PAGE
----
Top Blockchain Trends in Finance
While blockchain remains one of the most significant uncharted territories of our time, big banks seem to be the most aggressive when it comes to integrating an ancient with an incredibly new idea.
Before 2017, banks couldn't care less about the noise of "decentralize" and the new, "peer-to-peer" transactions that would, unannounced to them, be the landmark of the decade.
But once the market legitimized in value with hundreds of millions USD being raised in short periods of time, banks couldn't resist the temptations that cryptocurrencies brought to the table.
According to KPMG's Pulse of Fintech Q2 report, mostly banks and other firms harnessing the powers of blockchain raised more than $240 MM of venture capital money Q1/Q2 of 2017, including $107m raised by R3, the New York firm owned by 40 of the world's biggest lenders.
Banks are now rushing to conquer the concept before other competition and industries gradually oversaturate the market beyond going back. Although a plethora of industries are taking crypto banking to a whole new level, here are five ways how the leading banking and lending institutions are taking and running with blockchain's new proof-of-concept ventures.
Not only are banks, but many payment institutions such as PayPal are integrating payment systems into running blockchains or even to launch ICOs. While this may not be shortly, most banks are taking at least minor strides to manage and domineer a currency of their own potential.
Here are some of the case-by-case situations of incorporating crypto to into the structure of the bank itself.
Banks such as USAA allows users of Coinbase; a popular cryptocurrency exchange and wallet service for Bitcoin, Ehtereum (Classic), and Litecoin, to view their balances from their apps and have invested in the exchange, marking the first major bank to invest in such an exchange.
Santander; the first U.K. bank to use blockchain to create a new international payments blockchain-integrated payment system, One Pay FX, will first allow customers to transfer money between Santander accounts throughout South America and Europe.
2. Customer Verification
But with the age of privatization, comes one of the riskiest questions for all fintech institutions using blockchain technology. Identity represents one of the several roots that legitimize the industry, as lenders are solely responsible for confirming the validity of each user -- making sure they aren't an illicit actor.
If Banks were to lose ahold of a payment process, a database of information, or user crypto addresses, the blockchain industry in its entirety could lose a massive amount of users, as well as time, money, and a long battle with the federal and many local governments.
Thankfully banks are pretty good at keeping information safe, but now they must work tirelessly to making sure the same thing doesn't happen to one of their millions of users. Big banking institutions could be looking to the blockchain itself to provide a form of identity verification of its own, combining the power of anonymity and public access, a fundamental idea of most, if not all blockchains.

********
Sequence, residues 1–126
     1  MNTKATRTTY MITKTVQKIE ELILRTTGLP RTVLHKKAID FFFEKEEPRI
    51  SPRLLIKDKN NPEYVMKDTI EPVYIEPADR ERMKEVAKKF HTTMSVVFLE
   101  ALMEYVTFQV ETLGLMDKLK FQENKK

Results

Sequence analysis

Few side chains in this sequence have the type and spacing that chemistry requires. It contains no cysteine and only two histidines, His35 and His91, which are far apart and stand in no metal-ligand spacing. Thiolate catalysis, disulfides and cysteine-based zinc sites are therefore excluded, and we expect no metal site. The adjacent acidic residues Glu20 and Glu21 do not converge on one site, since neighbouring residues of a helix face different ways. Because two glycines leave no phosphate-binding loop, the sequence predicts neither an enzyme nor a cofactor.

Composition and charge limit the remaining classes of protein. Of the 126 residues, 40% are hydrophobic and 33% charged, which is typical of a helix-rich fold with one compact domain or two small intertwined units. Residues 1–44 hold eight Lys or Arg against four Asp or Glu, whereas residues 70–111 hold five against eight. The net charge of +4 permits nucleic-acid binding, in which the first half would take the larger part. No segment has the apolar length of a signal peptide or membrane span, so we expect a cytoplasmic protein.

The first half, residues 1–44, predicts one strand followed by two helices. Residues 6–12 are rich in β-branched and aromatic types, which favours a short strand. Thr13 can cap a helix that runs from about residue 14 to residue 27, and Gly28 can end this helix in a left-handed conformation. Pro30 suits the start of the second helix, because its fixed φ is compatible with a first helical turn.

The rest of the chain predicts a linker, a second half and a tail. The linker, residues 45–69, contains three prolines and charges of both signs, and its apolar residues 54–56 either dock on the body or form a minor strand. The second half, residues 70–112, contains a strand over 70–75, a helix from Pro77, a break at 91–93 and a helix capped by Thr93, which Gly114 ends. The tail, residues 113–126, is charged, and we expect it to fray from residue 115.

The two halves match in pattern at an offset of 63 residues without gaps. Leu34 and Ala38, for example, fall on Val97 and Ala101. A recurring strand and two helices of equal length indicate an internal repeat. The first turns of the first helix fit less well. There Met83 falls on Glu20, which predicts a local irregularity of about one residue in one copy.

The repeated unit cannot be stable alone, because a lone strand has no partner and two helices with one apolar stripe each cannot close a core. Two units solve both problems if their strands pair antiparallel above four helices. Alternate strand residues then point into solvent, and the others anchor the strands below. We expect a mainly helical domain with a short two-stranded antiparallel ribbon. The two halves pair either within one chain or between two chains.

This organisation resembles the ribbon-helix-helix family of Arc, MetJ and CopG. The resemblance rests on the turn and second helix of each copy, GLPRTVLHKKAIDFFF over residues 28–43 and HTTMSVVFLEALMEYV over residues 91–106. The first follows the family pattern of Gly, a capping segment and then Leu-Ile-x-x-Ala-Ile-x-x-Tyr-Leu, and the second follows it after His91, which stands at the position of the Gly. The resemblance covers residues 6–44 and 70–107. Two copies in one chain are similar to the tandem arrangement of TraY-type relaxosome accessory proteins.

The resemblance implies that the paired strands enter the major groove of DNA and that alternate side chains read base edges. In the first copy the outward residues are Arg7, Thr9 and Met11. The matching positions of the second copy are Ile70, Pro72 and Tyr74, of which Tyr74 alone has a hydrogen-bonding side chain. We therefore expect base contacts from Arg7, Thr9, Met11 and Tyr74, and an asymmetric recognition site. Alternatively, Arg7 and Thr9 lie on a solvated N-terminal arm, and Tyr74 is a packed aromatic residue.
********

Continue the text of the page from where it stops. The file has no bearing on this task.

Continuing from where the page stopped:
As more and more millionaires arise from the ICOS, coin pumps, and other blockchain-related launches, banks have become more and more envious of the new trading opportunities cryptocurrencies have to offer.
Amber Baldet, formerly an executive at JPMorgan's blockchain unit, said Wall Street will begin the process much "sooner than people probably think." However, she mentioned, "but even where the will is, the legal and regulatory framework is challenging."
Goldman Sachs, another banking giant looking to lead the movement, has become the single biggest company to invest in various blockchain technology, according to CB Insights.
Global trade is more than exchanging goods on an international level-- goods move from one place to another, but they do so through a web of intermediaries.
Exporters, importers, and banks all require checks and verifications at various points along the process, and each part depends on the successful completion of the previous checkpoint.
The application of distributed ledger technology (DLT) in trade finance and supply chain management has for some time been a focus of financial institutions around the world.
Early digital ledgers(DLT) mimicked paper catalogs and was used for similar purposes such as keeping track of money but on a larger, more complex scale.
And while paper-based transactional items remain still hold true: money, seals, written signatures, and bills, but companies look to new fronts in order to lead the movement. While it may take a day to ship a product or good, it may take up to a week just for the paperwork to be completely vetted and cleared.
While the long-term goals of digitizing entire trade industries may take a while, blockchain's promising DL algorithms look promising for those who have tried it. The Indian IT international corporation Infosys is creating a new trade network called India Trade Connect, in which participating private banks from all over India aim to completely digitize trade finance business transactions and processes, as well as delve into other opportunities blockchain might offer with trade financing.